As the August 2nd primary approaches here in Arizona, it is now the time to make some preliminary decisions on who to vote for. Below are my recommendations for statewide office as well as my congressional district, followed by my reasoning behind each choice.
First, however, I must note that I consider the August primary for the Republican candidates to be the real election. No matter who is chosen in the Democratic Party primaries, I would consider that candidate to be captured by the communists and anti-American bigots who now run that party. Thus, I couldn’t vote for any, not without seeing some major house-cleaning and change. Since there is no evidence of any Democrats making any effort to do this, the only important decision I see for voters is to decide who is the least likely Republican to lie to us and actually do what they say.
Now for my personal candidate choices. To make these decisions, I did some research, using the links provided by Ballotpedia. With each candidate, I reviewed supplementing my knowledge of them from other reading by reviewing their websites. At a minimum I urge my readers to do the same, in whatever state they live in. Ballotpedia is a magnificent non-partisan resource. It doesn’t take long to do this work, and it gives you a better educated basis for making your decisions.
I also fully recognize that there are no guarantees, and that my choices here may change before August 2nd. Right now however, with the knowledge at hand, these picks are the best I can do. And as always I welcome further intelligent and informative comments from my readers below.
Senate: Blake Masters.
Earlier in July I detailed at length why I have chosen Masters. He is an outsider, not a professional politician. He is unafraid to speak his mind, including speaking bluntly about the election fraud from 2020 as well as the disaster of the federal government’s border management.
Like Trump, he has shown no fear of the leftist press. He doesn’t kow-tow to them, which means he is less likely to fold like a deck of cards once in office and pressured by that press.
Finally, he is endorsed by Trump. To understand why that endorsement carries for me such great weight, read my essay from early July.
Governor: Kari Lake.
Much of my reasoning for Lake is identical to my reasoning for Masters. Lake is an outsider, she is unafraid to speak her mind, and she has been endorsed by Trump. She has also shown a remarkable ability to push back at the press, especially when they challenge her with Democratic Party talking points. Instead of accepting the false premise of many of those questions, she pushes back, hard, and with the truth. (A great example is her answer to a reporter’s attempt to trap her concerning the 2020 election at this link.)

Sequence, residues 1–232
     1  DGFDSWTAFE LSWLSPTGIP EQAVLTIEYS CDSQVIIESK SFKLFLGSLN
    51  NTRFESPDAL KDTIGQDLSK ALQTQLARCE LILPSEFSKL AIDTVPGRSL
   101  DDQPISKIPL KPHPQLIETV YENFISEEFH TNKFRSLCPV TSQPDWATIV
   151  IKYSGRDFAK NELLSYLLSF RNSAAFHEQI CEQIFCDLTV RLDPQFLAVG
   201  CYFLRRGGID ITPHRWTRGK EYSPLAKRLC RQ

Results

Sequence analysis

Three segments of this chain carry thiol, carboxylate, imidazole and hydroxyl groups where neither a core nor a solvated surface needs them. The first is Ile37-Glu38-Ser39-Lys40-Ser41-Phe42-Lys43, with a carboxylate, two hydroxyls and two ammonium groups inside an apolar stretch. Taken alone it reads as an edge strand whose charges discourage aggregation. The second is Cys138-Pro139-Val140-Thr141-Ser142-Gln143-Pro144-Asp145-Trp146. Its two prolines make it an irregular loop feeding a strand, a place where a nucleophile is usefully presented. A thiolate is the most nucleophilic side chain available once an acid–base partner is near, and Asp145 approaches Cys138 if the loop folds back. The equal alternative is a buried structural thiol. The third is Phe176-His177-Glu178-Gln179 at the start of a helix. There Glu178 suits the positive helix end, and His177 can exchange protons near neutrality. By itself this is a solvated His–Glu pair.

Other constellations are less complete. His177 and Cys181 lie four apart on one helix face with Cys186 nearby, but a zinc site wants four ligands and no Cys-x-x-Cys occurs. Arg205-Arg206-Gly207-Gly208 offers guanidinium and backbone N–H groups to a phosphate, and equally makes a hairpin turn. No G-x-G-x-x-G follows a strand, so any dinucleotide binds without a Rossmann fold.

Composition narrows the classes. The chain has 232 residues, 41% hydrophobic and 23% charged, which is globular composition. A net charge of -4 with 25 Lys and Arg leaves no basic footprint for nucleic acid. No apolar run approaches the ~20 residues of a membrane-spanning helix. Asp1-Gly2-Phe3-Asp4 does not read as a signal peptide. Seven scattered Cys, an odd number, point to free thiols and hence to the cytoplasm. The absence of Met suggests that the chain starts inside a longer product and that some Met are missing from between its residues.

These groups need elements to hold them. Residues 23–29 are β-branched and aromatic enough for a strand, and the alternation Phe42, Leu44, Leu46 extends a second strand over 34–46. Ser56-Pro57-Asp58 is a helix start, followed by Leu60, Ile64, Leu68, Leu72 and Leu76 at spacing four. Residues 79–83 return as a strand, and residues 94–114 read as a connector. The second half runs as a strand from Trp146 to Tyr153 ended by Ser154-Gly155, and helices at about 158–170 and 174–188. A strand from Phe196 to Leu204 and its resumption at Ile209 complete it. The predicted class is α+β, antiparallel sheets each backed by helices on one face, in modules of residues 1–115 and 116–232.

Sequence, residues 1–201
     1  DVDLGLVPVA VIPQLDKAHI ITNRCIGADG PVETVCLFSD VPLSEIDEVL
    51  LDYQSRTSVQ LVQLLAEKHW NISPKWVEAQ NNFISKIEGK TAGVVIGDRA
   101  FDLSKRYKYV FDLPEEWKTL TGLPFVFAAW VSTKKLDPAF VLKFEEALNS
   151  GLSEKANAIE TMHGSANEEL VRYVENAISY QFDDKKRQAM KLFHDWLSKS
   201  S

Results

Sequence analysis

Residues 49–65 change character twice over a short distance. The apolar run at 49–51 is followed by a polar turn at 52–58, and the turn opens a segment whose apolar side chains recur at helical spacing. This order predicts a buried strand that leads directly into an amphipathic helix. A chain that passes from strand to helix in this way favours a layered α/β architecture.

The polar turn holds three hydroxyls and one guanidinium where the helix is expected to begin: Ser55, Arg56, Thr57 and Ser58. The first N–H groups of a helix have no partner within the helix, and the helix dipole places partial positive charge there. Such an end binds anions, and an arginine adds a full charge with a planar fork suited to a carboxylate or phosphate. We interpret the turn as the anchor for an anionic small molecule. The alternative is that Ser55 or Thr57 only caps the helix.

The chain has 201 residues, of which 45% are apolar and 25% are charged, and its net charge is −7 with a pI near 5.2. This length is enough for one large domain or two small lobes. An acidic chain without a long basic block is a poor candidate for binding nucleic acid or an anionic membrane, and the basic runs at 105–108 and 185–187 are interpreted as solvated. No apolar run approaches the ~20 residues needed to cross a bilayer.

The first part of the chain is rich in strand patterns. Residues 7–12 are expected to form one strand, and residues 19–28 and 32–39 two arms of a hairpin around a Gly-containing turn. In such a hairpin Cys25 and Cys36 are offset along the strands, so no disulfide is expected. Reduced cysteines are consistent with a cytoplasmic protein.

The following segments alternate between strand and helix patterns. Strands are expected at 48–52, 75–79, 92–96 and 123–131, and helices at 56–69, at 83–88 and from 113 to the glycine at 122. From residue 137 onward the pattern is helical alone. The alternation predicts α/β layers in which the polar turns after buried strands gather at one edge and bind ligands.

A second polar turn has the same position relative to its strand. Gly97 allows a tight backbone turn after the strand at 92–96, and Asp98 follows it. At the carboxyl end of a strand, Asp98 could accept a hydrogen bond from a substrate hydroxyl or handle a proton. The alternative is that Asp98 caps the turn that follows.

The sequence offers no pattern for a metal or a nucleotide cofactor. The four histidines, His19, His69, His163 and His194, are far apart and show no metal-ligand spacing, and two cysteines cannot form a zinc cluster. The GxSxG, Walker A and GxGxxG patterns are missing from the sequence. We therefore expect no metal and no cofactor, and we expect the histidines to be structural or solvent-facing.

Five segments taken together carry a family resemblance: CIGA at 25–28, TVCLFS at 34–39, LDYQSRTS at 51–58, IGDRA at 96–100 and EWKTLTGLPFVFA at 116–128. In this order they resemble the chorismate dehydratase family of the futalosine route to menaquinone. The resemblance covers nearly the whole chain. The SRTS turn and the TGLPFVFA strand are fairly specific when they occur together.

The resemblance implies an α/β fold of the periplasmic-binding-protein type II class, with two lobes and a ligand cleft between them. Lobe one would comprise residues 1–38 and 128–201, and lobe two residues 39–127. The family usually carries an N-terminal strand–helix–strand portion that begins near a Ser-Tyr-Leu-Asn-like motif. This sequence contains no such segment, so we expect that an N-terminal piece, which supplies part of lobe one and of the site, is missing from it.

Meanwhile, her chief opponent, Karrin Taylor Robson, has received endorsements from the Republican Party establishment that has done all it can to prevent election reform and any investigation into any of the election tampering from 2020. Governor Doug Ducey has endorsed her. So has former Arizona congressman Matt Salmon, after ending his own campaign for governor. She has also gotten the endorsement of former vice president Mike Pence.
All these endorsements only serve to convince me that Robson is NOT my choice. That Republican establishment has proven in the past two decades that it is utterly unwilling to fight. Every time the going has gotten tough, they have run screaming in terror, making the endless foolish compromises that have put us where we are today, on the verge of losing our constitutional government and all our freedoms.
This difference is profoundly illustrated by how Lake has aggressively pushed the need for election reform, while the establishment has generally poo-pooed these concerns. I don’t want weak Republican leaders any longer, especially considering the ample evidence of extensive voter fraud in 2020 (see the data here for example).
Lake meanwhile has joined Mark Finchem in filing for an injunction against the use of electronic voting machines in the upcoming elections. She isn’t fooling around, and that is something Americans desperately need in their conservative leaders.
Attorney General: Abraham Hamadeh
Like Masters and Lake, Hamadeh is not a professional politician. Instead, he is a former prosecutor as well as a former Army intelligence officer. And most important, he has also received Trump’s endorsement.
My choice in this case however is less certain. Several of the other candidates, such as Dawn Grove, Rodney Glassman, and Andy Gould, were similar to Hamadeh in their background and what they considered important. For example, they all made protecting Constitutional rights a major issue, something that most politicians have ignored for decades.